Last week after class I hopped a ferry with some friends from Kabataş to Kadıköy. Our destination was Çiya Sofrası, a place that had been recommend to me by friends, colleagues, and fellow food bloggers, and is invariably named as one of the best restaurants in the city. Considering that Changa, Mikla, and other high-end hot-spots are also on this list, I was expecting Çiya to be a much more formal affair than it is. I was pleasantly surprised to find an simple cafeteria offering around 20 hot dishes and a variety of salads and pickled vegetables to a varied clientele.
Çiya is the brainchild of Musa Dağdeviren, a chef from Gaziantep in southern Turkey, a city known to insider’s as the country’s best kept culinary secret. I happened to discover this myself last year when I flew from Istanbul to Gaziantep on my way to Syria. Gaziantep was the nearest airport to the overland border crossing at Killis so I made my way down there and decided to stay for a couple of days to check it out. When, I asked myself, would I ever come to Gaziantep again? I had better make the most of it. That was before strolling through the copper pot market, perusing the mosaic museum, and tasting the baklava, lahmacun, kebabs, and firik pilavı (green rice pilaf). When, I asked myself afterwards, can I come to Gaziantep again?
Musa settled in Istanbul over a decade ago, opening his first kebab (meat and bread) restaurant in 1987, followed by Çiya Sofrası a year later. In 2001 he added another kebab restaurant and now all three of his ventures are within 50 feet of each other in the busy bazaar in Kadıköy, just a 5 minute walk from the ferry port. The philosophy governing his 3 establishments is twofold: to serve honest, authentic peasant food accessible to anyone who wants it, and to protect dying culinary traditions in the process. Musa spends much of his time researching the dishes of rural Anatolia (as well as Greece, Armenia, Iran, Iraq, the Balkans and the Caucasus), many of which are threatened by today’s fast-food dining culture, and preparing them for around 1000 patrons a day. His publications, cooking demonstrations, cookbooks, and, most of all, his restaurants are promoting and preserving Anatolian, ethnic, and regional cuisines in no small measure.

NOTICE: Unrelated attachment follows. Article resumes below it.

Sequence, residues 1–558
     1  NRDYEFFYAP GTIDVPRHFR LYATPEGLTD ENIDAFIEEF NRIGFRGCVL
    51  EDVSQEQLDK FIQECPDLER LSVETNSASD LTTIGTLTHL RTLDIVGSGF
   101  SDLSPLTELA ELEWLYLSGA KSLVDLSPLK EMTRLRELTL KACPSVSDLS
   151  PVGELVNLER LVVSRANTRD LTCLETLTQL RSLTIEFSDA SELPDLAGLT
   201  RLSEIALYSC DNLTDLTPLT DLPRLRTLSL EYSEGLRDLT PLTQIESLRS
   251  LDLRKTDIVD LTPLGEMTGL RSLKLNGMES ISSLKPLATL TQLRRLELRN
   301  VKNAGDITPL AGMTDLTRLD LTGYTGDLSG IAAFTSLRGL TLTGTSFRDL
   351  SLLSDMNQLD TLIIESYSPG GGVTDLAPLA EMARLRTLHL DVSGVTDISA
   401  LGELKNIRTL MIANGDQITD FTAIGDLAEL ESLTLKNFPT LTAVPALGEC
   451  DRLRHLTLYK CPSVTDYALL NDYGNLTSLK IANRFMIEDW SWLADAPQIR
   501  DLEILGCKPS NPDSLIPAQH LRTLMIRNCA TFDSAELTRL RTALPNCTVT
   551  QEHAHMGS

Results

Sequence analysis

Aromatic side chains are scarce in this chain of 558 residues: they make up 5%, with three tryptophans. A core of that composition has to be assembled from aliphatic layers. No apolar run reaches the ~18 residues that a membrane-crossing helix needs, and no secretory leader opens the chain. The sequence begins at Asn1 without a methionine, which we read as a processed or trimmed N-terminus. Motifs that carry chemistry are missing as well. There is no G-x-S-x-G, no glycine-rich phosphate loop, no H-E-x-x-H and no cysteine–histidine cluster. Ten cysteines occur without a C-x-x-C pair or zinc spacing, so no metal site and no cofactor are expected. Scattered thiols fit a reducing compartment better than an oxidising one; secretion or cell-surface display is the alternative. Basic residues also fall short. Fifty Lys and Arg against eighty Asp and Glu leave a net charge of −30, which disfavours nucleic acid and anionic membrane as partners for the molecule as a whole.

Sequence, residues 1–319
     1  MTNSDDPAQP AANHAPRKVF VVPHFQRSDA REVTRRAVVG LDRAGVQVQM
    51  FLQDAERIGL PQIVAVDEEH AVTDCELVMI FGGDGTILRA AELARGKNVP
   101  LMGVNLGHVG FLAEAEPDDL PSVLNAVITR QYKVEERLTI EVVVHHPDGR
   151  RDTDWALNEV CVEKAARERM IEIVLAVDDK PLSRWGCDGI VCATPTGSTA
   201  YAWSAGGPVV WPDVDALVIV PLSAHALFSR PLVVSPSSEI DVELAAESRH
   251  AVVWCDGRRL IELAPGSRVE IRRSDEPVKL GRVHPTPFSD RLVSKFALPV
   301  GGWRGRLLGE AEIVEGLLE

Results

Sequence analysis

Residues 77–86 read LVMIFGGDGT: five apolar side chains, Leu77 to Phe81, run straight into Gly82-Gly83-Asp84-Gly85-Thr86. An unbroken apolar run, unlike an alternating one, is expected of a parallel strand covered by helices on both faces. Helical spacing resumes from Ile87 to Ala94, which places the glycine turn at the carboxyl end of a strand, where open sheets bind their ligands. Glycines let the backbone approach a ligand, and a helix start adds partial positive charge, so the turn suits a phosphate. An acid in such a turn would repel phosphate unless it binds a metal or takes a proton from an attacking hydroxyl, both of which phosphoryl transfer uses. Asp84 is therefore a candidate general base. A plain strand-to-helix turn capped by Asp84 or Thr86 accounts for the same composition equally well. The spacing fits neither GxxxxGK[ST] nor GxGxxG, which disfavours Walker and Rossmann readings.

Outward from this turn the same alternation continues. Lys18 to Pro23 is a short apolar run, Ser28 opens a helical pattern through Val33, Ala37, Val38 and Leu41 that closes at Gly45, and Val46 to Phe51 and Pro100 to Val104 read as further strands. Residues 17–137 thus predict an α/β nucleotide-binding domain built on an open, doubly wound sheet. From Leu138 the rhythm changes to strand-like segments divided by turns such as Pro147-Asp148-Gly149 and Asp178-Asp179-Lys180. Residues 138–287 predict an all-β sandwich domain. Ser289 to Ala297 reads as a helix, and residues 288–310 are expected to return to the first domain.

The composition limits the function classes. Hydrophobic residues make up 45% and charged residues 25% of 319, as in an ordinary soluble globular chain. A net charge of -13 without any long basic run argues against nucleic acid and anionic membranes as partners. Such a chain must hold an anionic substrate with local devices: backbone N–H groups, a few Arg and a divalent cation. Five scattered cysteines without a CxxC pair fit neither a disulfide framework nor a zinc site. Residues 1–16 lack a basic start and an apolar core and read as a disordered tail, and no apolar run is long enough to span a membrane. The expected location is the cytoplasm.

When we entered Çiya Sofrası, we were a bit overwhelmed by the sheer number of tantalizing dishes displayed behind the hot and cold countrs so we sat down, ordered 3 karadur suyu (mulberry juices), collected our thoughts, and plotted our next move. We decided to order a number of dishes: Intestines stuffed with rice, herbs, and offal, Kibbeh, Eggplant stuffed with lentils, peppers, and onions, Hot and sour bread ball soup, Flatbread stuffed with onion and chard, Yogurt, meat, chickpea, lentil and mint soup, Chestnut, meat, apple, baby onion and chickpea soup, Pickled seawood (dikenucu), Pickled beets, Olives with walnuts, Cured capers, and Yogurt with barley.
The plan was to follow all this with lahmacun and a kebab or two, but we reconsidered in favor of dessert: Candied olives with walnuts and tahini, Candied green walnuts, Candied minieggplant stuffed with walnuts, Baklava, and shredded phyllo dough stuffed with clotted cream. The lahmacun and kebab may have been postponed until the next trip, but I have a hunch that it is not very far off.
Guneslibahce Sk. No: 43A